Interacting pedestrians in a crowd spontaneously adjust their footsteps and align their respective stepping phases. This self-organization phenomenon is known as synchronization. However, it is unclear why and how synchronization forms spontaneously under different density conditions, or what functional benefit synchronization offers for the collective motion of humans. Here, we conducted a single-file crowd motion experiment that directly tracked the alternating movement of both legs of interacting pedestrians. We show that synchronization is most likely to be triggered at the same density at which the flow rate of pedestrians reaches a maximum value. We demonstrate that synchronization is established in response to an insufficient safety distance between pedestrians, and that it enables pedestrians to realize efficient collective stepping motion without the occurrence of inter-person collisions. These findings provide insights into the collective motion behaviour of humans and may have implications for understanding pedestrian synchronization-induced wobbling, for example, of bridges.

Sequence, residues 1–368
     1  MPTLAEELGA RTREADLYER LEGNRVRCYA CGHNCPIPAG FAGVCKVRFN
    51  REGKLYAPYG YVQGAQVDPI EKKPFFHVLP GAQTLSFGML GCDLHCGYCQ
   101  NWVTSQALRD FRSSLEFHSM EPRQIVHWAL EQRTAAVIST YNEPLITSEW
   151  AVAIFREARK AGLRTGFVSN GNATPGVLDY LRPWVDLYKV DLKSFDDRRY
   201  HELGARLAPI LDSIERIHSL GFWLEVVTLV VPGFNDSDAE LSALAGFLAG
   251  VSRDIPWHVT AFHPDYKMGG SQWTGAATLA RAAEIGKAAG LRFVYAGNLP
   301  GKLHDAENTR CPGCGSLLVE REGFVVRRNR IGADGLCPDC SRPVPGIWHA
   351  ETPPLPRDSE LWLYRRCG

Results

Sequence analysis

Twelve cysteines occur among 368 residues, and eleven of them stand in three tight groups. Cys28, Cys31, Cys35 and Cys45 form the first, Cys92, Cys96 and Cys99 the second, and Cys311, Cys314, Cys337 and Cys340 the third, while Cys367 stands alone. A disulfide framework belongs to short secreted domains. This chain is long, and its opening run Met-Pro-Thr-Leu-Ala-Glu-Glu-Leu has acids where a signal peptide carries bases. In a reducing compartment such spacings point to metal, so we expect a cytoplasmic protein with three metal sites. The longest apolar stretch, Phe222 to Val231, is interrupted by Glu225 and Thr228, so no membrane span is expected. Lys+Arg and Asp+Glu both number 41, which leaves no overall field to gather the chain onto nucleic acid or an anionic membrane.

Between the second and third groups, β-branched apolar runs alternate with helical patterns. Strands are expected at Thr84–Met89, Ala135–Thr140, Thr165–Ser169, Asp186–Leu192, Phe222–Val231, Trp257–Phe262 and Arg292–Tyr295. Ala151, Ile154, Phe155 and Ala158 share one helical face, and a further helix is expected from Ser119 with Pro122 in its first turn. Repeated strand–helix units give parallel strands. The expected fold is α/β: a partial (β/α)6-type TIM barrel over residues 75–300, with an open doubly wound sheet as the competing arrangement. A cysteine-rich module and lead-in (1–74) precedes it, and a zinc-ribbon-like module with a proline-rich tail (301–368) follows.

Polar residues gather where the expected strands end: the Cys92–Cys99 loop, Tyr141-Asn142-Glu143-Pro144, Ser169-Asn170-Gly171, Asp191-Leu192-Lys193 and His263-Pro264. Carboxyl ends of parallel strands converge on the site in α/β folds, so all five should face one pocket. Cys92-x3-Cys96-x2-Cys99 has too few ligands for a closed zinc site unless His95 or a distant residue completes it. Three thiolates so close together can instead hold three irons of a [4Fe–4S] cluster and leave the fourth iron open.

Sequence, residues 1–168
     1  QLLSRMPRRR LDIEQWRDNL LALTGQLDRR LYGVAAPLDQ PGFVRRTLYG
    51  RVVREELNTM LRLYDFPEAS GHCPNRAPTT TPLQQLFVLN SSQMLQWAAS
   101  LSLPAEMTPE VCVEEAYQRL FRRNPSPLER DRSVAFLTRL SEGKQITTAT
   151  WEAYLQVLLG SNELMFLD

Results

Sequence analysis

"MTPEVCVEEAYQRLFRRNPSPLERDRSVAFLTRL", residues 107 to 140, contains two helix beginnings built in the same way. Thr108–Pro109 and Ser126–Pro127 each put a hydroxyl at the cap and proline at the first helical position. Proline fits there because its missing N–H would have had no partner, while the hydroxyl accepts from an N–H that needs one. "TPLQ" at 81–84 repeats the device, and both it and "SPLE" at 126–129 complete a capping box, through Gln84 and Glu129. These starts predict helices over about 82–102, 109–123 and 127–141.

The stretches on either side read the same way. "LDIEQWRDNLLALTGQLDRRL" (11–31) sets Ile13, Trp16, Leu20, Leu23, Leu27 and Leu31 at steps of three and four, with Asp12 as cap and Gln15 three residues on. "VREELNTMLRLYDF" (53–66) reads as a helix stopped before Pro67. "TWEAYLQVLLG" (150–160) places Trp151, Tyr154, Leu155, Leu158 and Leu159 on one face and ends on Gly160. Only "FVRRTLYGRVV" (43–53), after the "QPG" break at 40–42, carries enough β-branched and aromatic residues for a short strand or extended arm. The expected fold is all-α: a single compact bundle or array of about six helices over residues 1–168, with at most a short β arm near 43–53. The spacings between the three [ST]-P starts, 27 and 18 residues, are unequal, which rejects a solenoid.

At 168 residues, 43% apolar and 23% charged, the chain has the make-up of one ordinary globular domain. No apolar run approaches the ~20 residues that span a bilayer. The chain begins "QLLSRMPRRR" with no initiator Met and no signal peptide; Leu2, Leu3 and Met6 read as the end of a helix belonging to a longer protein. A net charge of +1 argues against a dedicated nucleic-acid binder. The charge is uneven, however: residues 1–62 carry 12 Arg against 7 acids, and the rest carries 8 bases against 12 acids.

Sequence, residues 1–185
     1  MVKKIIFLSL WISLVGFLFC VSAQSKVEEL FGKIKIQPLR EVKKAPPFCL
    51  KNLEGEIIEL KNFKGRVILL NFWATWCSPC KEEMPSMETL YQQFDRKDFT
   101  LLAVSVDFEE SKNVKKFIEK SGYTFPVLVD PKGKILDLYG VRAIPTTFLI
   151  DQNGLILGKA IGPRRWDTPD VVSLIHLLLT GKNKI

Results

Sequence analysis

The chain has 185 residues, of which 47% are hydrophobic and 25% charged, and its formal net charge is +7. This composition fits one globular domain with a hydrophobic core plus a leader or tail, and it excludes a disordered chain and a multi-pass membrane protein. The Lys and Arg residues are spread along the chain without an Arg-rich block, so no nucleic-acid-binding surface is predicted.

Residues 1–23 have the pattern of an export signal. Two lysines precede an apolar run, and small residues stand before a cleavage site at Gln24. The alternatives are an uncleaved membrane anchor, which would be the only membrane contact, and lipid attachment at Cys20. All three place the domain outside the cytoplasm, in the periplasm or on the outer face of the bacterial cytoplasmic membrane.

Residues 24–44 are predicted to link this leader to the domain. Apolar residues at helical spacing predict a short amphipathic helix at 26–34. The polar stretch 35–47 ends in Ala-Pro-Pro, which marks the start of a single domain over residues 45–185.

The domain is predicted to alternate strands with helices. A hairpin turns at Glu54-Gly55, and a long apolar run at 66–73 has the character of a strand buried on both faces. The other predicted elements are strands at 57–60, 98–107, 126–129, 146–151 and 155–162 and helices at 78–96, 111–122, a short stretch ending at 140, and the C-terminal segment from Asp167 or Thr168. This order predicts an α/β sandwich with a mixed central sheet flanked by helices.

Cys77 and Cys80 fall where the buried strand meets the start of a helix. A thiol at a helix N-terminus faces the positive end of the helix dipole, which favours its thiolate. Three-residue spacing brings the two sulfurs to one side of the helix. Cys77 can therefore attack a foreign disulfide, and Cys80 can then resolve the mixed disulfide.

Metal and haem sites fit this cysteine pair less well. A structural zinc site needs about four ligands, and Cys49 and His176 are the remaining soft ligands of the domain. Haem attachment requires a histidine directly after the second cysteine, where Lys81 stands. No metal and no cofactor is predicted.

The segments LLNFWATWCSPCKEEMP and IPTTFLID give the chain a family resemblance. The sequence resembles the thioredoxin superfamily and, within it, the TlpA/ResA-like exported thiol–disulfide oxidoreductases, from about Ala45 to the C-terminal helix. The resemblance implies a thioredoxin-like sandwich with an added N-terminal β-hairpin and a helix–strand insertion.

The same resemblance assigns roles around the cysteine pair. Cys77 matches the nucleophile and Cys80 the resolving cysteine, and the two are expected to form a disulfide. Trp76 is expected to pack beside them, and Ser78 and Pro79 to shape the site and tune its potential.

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The data necessary to support the findings of this manuscript are available in a public repository (https://zenodo.org/record/3732248).
The custom code used is available in an online repository (https://github.com/mayifromcqhc/Crowd-synchronization).
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The authors acknowledge that this research was supported by the National Natural Science Foundation of China (grant number 71901156), Strategic Priority Research Program of the Chinese Academy of Sciences (grant number XDA23090502) and Fundamental Research Funds for the Central Universities. The funders had no role in study design, data collection and analysis, decision to publish or preparation of the manuscript.
The authors declare no competing interests.
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Ma, Y., Lee, E.W.M., Shi, M. et al. Spontaneous synchronization of motion in pedestrian crowds of different densities. Nat Hum Behav 5, 447–457 (2021). https://doi.org/10.1038/s41562-020-00997-3